while on the Royalst right, the best horsemen were getting blasted apart by the deadly cannonade

Parliament guns were having an effect in the center
The WWAE rules call for "Command Points" to be rolled for each turn, we did this in the open for this playtest game, though I suspect that such information is vitally important to not be openly shared.

The Parliament Average commander only gets a d6+1, while the Good Royalist one gets d6+2.  Close, yet often the Royalist needed the extra command to move his commander about to keep up with the needs of the wildly roaming horsemen in his force.

With the loss of the Pistoleer horse, the Parliament side now had to test for morale, not a big deal as it would only cause a 'retire' order if the roll was a 1, it was not so we continued.

turn 4, the Royalist right wing cavalry now moves to get out of cannonade

the Royalist commander had to constantly use up command points to keep moving

Parliament lines shift, to get ready to charge the line of Dragoons that were peppering the line

even a small shift like this took up 4 command points in the move and clearing off the disruption it caused
I have learned that moving any force and keeping it in good order is a near impossibility, double so if doing the moving under fire.  The "DPs" associated with wheeling and moving are horrible, made worse if you roll bad die number ('!s' in your movement)

The Royalist learned this in spades as attempting to wheel his left wing horse, they rolled double ones and not only did they not mvoe they increased their DPs by 2!

Royalist advance had halted on the left, and shifted on the right

now the Dragoons (left) started to inflict huge DPs into the Parliament Pike & Shotte

the return fire was hopeless, a charge was the only way to beat the Dragoons

given the order to charge, the Pike & Shotte unit ended up crashing into a Horse unit, then retreating into the guns, a horrible mess for the line
Losses in DPs (Disruption Points) build up until you have 5 of them, then every DP (from fire not terrain) after that causes the loss of a stand of the unit.

Melee combat could cause units to melt away fast, and units that are at 3 or 4 DPs hit by a lot of fire could also suddenly vanish almost on the spot.

The Pike & Shotte unit collapsed in the crashing about against the guns and the hedges.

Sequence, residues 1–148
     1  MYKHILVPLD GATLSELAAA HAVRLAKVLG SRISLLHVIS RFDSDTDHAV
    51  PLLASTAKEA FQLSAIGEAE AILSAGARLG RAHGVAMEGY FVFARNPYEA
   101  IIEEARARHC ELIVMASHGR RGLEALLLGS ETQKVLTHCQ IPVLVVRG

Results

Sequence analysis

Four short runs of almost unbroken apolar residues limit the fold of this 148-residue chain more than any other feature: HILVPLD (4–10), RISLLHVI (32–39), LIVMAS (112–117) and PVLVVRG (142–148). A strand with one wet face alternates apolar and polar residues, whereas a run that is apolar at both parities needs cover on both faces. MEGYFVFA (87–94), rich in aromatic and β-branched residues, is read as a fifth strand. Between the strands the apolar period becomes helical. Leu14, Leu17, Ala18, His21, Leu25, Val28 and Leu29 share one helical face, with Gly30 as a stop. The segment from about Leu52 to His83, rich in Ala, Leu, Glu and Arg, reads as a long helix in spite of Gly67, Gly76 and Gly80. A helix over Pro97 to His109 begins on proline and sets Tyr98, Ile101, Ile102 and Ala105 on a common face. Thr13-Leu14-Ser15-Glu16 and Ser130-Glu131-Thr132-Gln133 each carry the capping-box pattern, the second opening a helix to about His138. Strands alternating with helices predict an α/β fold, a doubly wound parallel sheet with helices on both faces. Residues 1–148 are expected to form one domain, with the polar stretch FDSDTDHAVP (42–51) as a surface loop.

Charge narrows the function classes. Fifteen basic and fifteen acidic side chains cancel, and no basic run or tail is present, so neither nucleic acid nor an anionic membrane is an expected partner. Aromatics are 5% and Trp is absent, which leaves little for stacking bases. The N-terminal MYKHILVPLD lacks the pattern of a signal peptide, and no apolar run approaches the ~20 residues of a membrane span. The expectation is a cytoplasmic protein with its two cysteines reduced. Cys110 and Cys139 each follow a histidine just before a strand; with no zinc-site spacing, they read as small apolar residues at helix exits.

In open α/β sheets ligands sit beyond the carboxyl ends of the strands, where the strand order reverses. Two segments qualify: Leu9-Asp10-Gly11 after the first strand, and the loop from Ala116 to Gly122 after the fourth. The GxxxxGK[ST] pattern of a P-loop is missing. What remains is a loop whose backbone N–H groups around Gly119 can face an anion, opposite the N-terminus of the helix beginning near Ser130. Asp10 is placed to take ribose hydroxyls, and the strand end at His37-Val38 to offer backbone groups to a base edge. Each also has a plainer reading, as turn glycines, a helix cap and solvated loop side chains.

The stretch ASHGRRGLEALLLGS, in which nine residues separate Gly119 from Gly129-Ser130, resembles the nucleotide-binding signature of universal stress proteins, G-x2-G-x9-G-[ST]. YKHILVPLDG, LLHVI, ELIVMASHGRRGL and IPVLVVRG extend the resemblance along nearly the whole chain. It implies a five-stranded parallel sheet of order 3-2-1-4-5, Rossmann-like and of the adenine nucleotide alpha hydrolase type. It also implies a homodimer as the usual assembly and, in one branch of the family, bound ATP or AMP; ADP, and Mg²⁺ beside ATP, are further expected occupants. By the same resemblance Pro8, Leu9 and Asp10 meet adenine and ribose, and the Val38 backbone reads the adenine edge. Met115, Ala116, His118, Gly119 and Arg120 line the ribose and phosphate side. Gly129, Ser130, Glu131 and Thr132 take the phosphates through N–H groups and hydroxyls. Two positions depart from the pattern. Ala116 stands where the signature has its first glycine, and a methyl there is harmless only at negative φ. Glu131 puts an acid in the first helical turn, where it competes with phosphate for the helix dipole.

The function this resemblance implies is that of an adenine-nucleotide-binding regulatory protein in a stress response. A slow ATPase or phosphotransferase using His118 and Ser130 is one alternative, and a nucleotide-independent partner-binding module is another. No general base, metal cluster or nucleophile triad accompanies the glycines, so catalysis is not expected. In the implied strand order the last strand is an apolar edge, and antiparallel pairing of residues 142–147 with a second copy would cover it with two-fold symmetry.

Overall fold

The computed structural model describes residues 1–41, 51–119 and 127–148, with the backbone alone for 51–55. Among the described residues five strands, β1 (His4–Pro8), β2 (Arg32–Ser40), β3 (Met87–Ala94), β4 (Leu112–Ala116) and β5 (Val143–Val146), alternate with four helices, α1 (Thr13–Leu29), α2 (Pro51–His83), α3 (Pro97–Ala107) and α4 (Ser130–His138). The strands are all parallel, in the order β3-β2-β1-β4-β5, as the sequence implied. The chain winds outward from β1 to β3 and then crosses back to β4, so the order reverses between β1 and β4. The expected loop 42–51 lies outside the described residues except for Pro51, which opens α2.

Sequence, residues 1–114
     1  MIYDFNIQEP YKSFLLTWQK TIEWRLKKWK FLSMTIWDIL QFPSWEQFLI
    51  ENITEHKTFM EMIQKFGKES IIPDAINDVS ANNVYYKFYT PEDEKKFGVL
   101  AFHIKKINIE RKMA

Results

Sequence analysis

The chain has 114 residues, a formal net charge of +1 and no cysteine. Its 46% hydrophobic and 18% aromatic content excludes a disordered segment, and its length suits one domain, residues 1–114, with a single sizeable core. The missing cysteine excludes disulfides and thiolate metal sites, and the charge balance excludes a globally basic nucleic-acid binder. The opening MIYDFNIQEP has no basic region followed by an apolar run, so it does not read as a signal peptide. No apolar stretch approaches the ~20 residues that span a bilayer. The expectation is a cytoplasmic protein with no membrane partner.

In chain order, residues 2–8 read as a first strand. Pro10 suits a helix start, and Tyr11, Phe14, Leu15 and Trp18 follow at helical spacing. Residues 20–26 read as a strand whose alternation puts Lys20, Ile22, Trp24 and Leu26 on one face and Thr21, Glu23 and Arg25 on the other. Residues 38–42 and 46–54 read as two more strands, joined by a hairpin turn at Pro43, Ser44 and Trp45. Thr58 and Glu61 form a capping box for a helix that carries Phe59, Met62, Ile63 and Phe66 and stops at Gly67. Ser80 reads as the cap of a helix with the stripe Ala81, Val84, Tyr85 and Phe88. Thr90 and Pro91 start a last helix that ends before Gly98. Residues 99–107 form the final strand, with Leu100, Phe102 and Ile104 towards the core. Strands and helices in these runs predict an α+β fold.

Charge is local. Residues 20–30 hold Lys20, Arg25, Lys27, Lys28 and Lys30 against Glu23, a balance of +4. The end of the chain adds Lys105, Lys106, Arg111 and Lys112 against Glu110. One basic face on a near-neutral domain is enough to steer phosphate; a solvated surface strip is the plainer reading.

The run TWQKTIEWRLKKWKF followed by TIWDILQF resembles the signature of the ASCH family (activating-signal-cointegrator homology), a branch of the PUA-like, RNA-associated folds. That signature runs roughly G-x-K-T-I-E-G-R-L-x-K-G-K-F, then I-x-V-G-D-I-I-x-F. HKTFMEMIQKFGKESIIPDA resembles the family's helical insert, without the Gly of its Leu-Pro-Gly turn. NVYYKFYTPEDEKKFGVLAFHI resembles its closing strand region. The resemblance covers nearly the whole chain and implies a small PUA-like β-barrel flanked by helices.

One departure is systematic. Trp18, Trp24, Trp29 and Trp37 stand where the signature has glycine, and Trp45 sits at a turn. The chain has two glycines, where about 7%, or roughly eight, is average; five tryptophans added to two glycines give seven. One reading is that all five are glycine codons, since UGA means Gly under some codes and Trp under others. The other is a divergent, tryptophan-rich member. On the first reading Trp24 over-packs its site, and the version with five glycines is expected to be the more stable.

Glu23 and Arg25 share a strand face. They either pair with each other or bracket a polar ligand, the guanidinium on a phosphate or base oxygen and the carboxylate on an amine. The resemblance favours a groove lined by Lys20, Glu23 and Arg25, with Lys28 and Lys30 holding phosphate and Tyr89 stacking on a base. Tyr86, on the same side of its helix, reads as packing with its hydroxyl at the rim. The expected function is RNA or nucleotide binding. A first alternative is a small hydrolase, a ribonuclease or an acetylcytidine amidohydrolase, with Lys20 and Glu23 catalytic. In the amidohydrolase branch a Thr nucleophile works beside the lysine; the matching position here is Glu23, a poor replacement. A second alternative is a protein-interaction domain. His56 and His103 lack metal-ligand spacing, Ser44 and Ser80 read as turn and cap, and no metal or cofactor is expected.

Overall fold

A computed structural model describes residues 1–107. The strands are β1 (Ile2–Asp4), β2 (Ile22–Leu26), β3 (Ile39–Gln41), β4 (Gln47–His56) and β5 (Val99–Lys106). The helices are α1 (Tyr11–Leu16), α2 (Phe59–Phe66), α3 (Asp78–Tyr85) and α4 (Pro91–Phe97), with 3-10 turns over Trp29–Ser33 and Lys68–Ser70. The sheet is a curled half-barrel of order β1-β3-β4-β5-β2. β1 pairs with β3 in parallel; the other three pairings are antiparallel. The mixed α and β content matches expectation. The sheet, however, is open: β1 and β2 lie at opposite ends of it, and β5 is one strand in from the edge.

This called for another army morale roll, though by now the Royalists had also lost a unit (the Gallopers in pursuit) and this also caused a number to appear for the Royalists, who promptly rolled a "1"! which called for their army to retire!  The Parliament side also just rolled their number, a "3" and this also called for a retire order to go out to all units.

Though the horse on the Royalist right were now locked in Hand-to-Hand and as such could not change any orders.

We then rolled for CPs (Command Points) to see if we could each get  our armies new orders to at least hold ground.  Well the Royalists went for a new charge order ...

By the end of the turn, there were more casualties, more DPs, yet neither side was any closer to winning.

horse of the Royalists, hit both flanks

Pistoleers managed to catch the gallopers with DPs and hold them up

end of the turn, bad rolls again came about
Now the situation for both sides was grim.

the Royalist left held up with too many DPs, the right was blasted apart by cannon and pistol shotte

view from the Parliament rear

looking from Parliament right across the field

the critical die roll
Now with both sides needing to roll over a "3" to stay on field, the unthinkable happened - BOTH ROLLED "1"

Final result: BOTH armies withdraw immediately from the field, they flee away from each other!

I think this was the most accurate result for such raw forces put into contact with each other.

Rob has since noted some more errors we made (likely in the charge procedures) yet I liked the rules and flow overall.

At all times the commander is engaged in the action - there are not many 'dull' moments, since movement and fire is not U-go; I-go.  The movement and firing are all in sections and simultaneous which makes for a more intense and dramatic set of actions.

This rule-set I shall want to play again.


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 Added 16 August 2015:

Find more pictures and the point of view of the Royalist commander here <--click a="" nbsp="">

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Tuesday, July 28, 2015

Summer Trip 2015

I have been away to Minnesota again this summer to visit with my wife's family.

Again I brought out a set of troops for my two nephews, I was most pleased that they had actually kept the other sets I have given them in good condition (some bayonets broken and a flag pole gone - all in all really well kept for a 5 and 8 year old).  When the younger one saw the four red boxes he knew instantly what they were and inhaled with excitement, what a joy to give to someone like that!

During our time there we played many games with the boys, the usual battleship and asked for monopoly (though the younger one was really not up to using the money, so we 'faked it' with just the cards and houses.  He likes to count the dice anyway.  I also played a few games of "Tower" defense (?), with orcs and goblins and rolling boulders in a team effort.  The young ones like it and it was silly fun.

We also traveled to a few craft places and some game/comic stores.  Since time was available on the return trip I made a stop at Imperial Hobbies, where I picked up the next book in the English Civil War series.